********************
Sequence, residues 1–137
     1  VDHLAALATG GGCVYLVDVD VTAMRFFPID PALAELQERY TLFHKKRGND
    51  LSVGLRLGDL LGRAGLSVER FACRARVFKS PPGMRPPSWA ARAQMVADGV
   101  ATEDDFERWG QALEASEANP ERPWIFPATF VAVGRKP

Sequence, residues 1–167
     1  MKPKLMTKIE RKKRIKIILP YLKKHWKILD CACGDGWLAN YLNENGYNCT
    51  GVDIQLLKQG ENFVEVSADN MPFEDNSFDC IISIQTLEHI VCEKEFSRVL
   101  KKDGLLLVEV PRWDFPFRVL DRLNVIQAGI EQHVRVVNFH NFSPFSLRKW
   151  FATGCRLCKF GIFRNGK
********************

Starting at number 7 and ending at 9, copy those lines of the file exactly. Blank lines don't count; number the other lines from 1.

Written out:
    51  GVDIQLLKQG ENFVEVSADN MPFEDNSFDC IISIQTLEHI VCEKEFSRVL
   101  KKDGLLLVEV PRWDFPFRVL DRLNVIQAGI EQHVRVVNFH NFSPFSLRKW
   151  FATGCRLCKF GIFRNGK